Please join us in supporting Jeannine Roe for City Council.

Brian Faller, Bonnie Jacobs, Deb Jaqua, Cristiana Figueroa-Kaminsky, Maria Ruth, Bob Wadsworth (Friends of LBA Woods)

 

 

 

 

Join Us Saturday May 20 at 10 a.m.

Start your Saturday in the Woods! Join us for Work Party #6 from 10 a.m. to noon to rid a section of trail of invasive Yellow Archangel. This is not strenuous work–just hand-pulling with trowel assist. Gloves, tools, and snacks provided. Work site is easily accessed through the “Wilderness” neighborhood–the same location as the last two work parties. (From Boulevard Rd. SE, turn east onto Wilderness Dr., then turn left on Highline Dr. Proceed to 4000 “block” and park along street. The photos here will help guide you.

Look for  green Frontier Dr./Highline Dr. street sign. Trailhead is to the left of this sign.

If you are coming from the main LBA Woods Park parking area, please follow the signs and yellow flagging (below); the walk to work site is 10-15 minutes.

Everyone is welcome!

Under 18 years old? You must have a Waiver and Medical Alert (one-page form) signed by and adult. We will have these forms on hand, but you can also download/print them from the Olympia Parks website and fill them out beforehand: http://olympiawa.gov/city-services/parks/volunteering.aspx
Under 14? You must be accompanied by a parent/adult.

The Friends of LBA Woods will be hosting more work parties this summer and guided walks to introduce you to lesser-known trails to avoid construction site trail closures. Stay tuned for dates!

Work Parties #5 and #6

The Friends of LBA Woods and these lovely Serviceberry flowers (now blooming!) invite you to join us at our work parties next week. We will continue our good work banishing the invasive Yellow Archangel from along the trail near the Wilderness neighborhood entrance to the park.

We are hosting our first-ever mid-week work party Wednesday May 17 from 9-11 a.m. We’ll  host another party Saturday May 20 from 10-12 noon. We’ll provide gloves and trowels (though the work in mostly hand pulling).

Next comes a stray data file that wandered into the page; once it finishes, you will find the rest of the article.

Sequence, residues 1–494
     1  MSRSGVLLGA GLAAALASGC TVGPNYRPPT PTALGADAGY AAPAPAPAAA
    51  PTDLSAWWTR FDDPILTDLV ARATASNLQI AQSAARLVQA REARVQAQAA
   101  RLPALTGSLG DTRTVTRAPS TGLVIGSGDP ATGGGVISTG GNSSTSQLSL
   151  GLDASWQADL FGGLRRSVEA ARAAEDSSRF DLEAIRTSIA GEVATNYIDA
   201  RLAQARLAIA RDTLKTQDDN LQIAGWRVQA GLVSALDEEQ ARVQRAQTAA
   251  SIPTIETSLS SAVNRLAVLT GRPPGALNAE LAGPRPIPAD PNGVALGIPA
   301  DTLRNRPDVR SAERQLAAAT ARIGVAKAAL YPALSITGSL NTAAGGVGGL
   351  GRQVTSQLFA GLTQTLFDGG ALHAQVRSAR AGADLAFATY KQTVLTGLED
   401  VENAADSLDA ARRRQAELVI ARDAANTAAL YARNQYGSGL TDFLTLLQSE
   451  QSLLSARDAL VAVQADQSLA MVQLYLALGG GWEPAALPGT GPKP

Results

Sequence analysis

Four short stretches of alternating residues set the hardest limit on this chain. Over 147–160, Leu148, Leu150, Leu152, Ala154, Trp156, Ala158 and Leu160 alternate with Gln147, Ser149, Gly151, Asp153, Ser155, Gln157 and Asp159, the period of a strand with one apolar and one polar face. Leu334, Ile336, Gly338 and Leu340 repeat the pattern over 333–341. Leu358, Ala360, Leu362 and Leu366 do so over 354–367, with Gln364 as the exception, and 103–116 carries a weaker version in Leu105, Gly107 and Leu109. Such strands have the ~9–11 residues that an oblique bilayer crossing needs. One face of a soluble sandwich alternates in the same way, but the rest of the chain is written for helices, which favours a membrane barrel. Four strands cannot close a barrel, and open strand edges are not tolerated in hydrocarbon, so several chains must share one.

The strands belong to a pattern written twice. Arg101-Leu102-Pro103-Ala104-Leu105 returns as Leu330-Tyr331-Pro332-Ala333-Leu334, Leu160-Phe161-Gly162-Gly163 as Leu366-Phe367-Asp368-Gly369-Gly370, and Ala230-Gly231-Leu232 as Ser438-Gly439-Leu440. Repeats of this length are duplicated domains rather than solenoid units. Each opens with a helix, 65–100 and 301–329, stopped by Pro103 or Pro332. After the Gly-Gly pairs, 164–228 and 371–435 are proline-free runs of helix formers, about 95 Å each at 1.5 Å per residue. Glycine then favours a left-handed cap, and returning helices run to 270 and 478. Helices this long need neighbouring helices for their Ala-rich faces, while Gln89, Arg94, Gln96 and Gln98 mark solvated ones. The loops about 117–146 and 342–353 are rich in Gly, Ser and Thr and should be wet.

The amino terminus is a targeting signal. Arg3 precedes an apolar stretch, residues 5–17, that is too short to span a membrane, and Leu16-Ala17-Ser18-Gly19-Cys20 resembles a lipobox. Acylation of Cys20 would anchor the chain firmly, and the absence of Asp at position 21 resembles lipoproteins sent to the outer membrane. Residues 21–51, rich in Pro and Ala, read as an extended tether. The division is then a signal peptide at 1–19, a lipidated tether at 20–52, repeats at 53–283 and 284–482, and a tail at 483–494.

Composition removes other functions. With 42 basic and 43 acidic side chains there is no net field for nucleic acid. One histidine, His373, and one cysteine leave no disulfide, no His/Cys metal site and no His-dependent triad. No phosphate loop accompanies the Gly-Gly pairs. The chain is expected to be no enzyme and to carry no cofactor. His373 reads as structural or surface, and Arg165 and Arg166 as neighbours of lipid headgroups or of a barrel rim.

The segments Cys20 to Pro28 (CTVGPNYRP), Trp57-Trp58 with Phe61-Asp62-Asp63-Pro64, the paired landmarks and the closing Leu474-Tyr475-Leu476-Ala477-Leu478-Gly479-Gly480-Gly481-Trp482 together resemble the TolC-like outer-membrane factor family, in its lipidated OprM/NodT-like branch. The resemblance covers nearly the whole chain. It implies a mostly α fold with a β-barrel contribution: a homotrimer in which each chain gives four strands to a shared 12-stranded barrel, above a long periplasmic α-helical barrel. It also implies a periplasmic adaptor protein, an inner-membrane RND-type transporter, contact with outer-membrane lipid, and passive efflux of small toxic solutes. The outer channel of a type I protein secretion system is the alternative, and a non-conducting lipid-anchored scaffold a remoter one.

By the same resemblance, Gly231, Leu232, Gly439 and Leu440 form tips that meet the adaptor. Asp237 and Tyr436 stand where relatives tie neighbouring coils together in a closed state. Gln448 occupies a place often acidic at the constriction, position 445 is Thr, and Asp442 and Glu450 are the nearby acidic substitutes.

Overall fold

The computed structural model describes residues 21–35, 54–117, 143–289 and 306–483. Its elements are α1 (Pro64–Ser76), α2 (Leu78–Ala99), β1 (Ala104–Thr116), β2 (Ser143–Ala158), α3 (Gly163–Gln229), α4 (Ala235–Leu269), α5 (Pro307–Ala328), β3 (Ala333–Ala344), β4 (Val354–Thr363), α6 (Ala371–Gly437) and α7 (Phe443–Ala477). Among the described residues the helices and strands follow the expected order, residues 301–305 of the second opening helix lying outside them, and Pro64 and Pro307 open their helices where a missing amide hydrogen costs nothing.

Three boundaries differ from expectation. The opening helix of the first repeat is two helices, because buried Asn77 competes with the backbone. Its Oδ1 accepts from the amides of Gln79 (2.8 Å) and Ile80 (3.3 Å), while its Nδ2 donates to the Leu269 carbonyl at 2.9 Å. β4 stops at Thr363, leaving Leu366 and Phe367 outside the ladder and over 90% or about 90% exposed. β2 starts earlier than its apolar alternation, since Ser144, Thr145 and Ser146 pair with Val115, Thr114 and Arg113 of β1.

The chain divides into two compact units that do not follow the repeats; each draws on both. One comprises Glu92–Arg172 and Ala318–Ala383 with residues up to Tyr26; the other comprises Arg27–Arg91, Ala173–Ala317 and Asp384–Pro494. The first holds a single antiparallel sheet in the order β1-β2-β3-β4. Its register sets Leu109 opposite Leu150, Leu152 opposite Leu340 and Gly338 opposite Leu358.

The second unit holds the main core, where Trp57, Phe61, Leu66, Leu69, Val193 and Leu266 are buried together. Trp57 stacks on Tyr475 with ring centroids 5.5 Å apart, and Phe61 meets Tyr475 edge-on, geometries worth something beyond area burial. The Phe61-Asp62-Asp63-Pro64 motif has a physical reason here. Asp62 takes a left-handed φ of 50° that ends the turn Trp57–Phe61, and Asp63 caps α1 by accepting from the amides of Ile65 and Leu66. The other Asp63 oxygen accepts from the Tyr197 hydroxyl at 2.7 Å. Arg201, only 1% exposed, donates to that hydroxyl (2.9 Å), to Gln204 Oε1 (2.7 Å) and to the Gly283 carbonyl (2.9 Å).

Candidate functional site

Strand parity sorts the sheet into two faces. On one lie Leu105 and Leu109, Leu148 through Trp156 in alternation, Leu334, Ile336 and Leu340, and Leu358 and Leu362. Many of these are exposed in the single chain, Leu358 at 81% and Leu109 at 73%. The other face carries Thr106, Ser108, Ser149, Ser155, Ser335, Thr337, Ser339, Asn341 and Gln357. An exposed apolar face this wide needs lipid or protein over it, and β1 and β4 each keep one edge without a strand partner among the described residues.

If you would like to pull archangel on your own–even for just 15-20 minutes during your walk in the woods any other day–please contact Maria Ruth (Friends of LBA Woods) for instructions. Every little bit helps! E-mail: mariaruthbooks@comcast.net

DIRECTIONS TO THE WORK SITE: From Boulevard Road SE Olympia, turn onto east onto Wilderness Drive. Turn left on Highline Drive., which becomes Frontier Drive at the work site. Park on the street and follow signs to the trail and work party. Signs to the work site will be posted along the trail from the main parking lot in LBA Park off Morse-Merryman Rd.

Work Party #4 Saturday at 10 a.m.

Join the Friends of LBA Woods and Olympia Parks’ Stewardship Program on Saturday April 29 from 10 a.m. -1 p.m. Rain or Shine!

We’ll be removing invasive and oh-so aggressive Yellow Archangel from along the trail near the entrance from the Wilderness neighborhood. If we have enough volunteers, we’ll tackle some invasive holly as well.

Tools, gloves, snacks, and camaraderie provided! Volunteer service forms will be signed! Bring a  kneeling pad or cushion if you need one. (Archangel is a low spreading ground cover).

Please note that due to the construction of the water tower and access road, many of the trails through the woods are temporarily closed. Please use the southern entrance from the Wilderness neighborhood.

DIRECTIONS: From Boulevard Road, turn onto east onto Wilderness Drive. Turn left on Highline Drive., which becomes Frontier Drive. at the work site. Park on the street and follow signs to the trail and work party.

Or…get map from this link Google 4101 Frontier Dr. SE Olympia (this is the address of the house across from the trailhead).

Questions? Please contact Maria Ruth, Friends of LBA Woods, mariaruthbooks@comcast.net

Construction, Creation, and Eradication

 

Construction: There is a lot of change coming to the LBA Woods in the coming months. Construction of the city’s new water tower will begin in this area on Monday, April 17. The five-acre city-owned construction site has been staked and flagged. During the construction, please be aware that the construction area, which is on the former “Trillium” section of the woods will be fenced off by orange construction fencing as plants are removed in advance of tree clearing. Some of the trails will be closed temporarily for safety.

 

 

 

Creation: The boundary of our new park has been officially marked with these Park Boundary signs. Just think: this could be a “Lots for Sale” signs (800 of them!) if we hadn’t save the woods! Boundless thanks to you all!

 

 

More Creation: Look at what’s blooming in the woods (April 13). Here’s a gallery of native flowering plants, small trees, and sword ferns (they call the new growth “fiddleheads” but don’t they look like sylvan seahorses?)